The research team at the UW School of Medicine and Public Health evaluated 13 different studies of environmental, psychological and biological stress factors for mothers before and during pregnancy.
In general, the most consistent relationship seen was between pre-conception stress and poor obstetric outcomes such as pre-term birth. Women who reported pre-conception “environmental” stress from life events, such as the death of a close relative, were more likely to have a pre-term birth or have an infant who was small for its gestational age.
The association between stress during pregnancy and birth outcomes was more complicated. Environmental stress during pregnancy was significantly associated with a higher risk of pre-term birth in some but not all of the studies. It was also associated with a higher risk for having a low-birthweight infant but not with fetal loss, spontaneous abortion or stillbirth.
Poor obstetric outcomes are serious public health problems and account for more than 40 percent of all neonatal deaths and a substantial proportion of neural developmental disabilities in the United States.
“Up until recently, the focus in this field has been on how stress during pregnancy may influence birth outcomes,” said Dr. Whitney P. Witt, assistant professor in the department of population health sciences and principal investigator in the Lifecourse Epidemiology and Family Health (LEAF) lab.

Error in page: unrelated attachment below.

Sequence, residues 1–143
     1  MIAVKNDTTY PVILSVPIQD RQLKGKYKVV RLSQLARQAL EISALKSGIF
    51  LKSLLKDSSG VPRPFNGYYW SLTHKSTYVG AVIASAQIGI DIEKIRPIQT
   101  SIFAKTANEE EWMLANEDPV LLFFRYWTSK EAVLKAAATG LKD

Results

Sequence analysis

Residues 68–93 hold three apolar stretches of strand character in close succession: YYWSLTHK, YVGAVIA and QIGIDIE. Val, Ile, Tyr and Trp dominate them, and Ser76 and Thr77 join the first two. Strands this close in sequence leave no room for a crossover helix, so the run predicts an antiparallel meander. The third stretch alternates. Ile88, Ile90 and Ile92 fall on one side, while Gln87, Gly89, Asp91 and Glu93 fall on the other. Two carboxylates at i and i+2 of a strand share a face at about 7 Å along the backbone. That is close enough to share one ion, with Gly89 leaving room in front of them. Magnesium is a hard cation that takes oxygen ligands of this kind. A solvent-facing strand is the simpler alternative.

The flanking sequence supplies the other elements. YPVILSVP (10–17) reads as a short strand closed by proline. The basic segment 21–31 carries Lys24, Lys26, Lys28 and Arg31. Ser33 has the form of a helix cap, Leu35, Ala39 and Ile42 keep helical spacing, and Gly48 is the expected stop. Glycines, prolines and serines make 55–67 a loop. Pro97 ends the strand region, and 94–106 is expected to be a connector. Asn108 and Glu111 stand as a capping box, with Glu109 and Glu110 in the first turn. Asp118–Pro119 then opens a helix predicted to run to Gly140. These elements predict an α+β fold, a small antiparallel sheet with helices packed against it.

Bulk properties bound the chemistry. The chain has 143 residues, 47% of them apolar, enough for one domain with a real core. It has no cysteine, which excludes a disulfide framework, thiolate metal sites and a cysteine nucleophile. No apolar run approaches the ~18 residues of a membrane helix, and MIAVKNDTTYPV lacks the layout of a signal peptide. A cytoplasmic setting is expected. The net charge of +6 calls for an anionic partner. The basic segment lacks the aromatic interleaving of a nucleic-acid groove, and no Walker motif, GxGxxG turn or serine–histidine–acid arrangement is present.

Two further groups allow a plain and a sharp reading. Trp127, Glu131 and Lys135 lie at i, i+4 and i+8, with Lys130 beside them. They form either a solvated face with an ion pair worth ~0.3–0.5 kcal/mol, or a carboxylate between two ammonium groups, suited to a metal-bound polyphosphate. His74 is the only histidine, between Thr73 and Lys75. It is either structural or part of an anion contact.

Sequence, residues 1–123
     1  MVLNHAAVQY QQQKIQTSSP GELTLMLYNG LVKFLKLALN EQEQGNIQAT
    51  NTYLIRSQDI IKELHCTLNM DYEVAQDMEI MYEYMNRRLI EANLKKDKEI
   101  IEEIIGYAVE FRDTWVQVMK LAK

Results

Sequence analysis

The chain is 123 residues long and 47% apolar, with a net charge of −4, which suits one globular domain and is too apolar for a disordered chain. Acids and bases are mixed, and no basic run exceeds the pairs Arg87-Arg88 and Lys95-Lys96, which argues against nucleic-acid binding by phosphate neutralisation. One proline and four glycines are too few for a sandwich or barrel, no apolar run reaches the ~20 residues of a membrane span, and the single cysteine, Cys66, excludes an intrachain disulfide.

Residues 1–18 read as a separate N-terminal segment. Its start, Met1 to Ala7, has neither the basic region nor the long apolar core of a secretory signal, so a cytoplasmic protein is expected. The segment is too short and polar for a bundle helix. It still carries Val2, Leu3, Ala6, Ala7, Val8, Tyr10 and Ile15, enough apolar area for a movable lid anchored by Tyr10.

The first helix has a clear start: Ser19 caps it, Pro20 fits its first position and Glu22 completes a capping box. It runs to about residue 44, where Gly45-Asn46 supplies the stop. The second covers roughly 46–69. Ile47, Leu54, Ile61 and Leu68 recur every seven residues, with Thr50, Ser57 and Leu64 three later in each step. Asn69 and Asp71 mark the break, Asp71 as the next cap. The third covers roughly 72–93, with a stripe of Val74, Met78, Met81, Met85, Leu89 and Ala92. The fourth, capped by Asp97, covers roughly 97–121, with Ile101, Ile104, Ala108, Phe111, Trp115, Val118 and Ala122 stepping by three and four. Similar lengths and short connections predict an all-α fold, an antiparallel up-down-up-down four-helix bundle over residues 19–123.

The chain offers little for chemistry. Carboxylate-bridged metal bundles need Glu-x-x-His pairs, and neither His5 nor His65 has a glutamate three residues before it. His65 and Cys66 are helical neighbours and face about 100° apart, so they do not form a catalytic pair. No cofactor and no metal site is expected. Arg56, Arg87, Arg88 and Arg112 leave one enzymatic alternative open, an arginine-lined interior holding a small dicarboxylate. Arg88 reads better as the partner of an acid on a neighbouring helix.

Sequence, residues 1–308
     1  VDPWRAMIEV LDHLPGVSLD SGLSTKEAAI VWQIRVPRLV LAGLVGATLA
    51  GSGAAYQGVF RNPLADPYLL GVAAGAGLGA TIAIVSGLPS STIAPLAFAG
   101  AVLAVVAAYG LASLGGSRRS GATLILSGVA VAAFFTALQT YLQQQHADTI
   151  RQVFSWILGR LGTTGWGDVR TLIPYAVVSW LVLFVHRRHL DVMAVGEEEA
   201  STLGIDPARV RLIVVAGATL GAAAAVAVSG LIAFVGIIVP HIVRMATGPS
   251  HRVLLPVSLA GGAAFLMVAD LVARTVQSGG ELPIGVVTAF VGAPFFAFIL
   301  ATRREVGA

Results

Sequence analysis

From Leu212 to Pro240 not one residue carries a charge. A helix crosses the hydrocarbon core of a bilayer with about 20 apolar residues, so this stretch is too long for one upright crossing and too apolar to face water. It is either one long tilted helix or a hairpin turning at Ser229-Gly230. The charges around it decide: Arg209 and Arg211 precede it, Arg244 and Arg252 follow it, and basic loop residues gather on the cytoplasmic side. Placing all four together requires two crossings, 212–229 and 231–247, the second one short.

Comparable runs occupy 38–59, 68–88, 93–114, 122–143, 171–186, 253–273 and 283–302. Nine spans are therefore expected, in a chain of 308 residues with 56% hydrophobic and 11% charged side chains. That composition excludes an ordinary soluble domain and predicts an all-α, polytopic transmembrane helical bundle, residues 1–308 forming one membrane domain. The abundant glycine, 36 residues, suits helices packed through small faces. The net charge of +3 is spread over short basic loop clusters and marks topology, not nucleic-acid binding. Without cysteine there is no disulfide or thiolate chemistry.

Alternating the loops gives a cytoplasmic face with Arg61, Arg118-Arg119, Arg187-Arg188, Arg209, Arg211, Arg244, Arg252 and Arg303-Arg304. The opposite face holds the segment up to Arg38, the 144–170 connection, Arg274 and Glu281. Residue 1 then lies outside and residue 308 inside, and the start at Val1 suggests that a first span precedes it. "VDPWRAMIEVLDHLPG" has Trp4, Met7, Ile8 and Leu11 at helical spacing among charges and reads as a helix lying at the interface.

“However, we are beginning to realize that stress before pregnancy may be just as important, or even more important, than stress during pregnancy. Figuring out which time periods are the most sensitive to stress, like early childhood, adolescence, or the period right before pregnancy, will be critical in determining how to prevent stress from negatively impacting women’s pregnancies and the health of their babies.”
More comprehensive studies examining stress influences on birth outcomes are necessary, according to Witt, because gaps exist in the research to date.
This study is published online in the Maternal and Child Health Journal. This study was funded by the Eunice Kennedy Shriver National Institute of Child Health and Human Development, National Institutes of Health, and the National Children’s Study Wisconsin Study Center.
University of Wisconsin School of Medicine and Public Health